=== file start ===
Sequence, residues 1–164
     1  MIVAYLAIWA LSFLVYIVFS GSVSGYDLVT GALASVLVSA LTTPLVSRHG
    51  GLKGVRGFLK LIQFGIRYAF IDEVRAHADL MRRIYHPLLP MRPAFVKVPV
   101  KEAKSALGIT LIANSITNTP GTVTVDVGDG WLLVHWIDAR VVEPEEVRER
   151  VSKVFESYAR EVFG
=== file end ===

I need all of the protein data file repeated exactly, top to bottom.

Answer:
Sequence, residues 1–164
     1  MIVAYLAIWA LSFLVYIVFS GSVSGYDLVT GALASVLVSA LTTPLVSRHG
    51  GLKGVRGFLK LIQFGIRYAF IDEVRAHADL MRRIYHPLLP MRPAFVKVPV
   101  KEAKSALGIT LIANSITNTP GTVTVDVGDG WLLVHWIDAR VVEPEEVRER
   151  VSKVFESYAR EVFG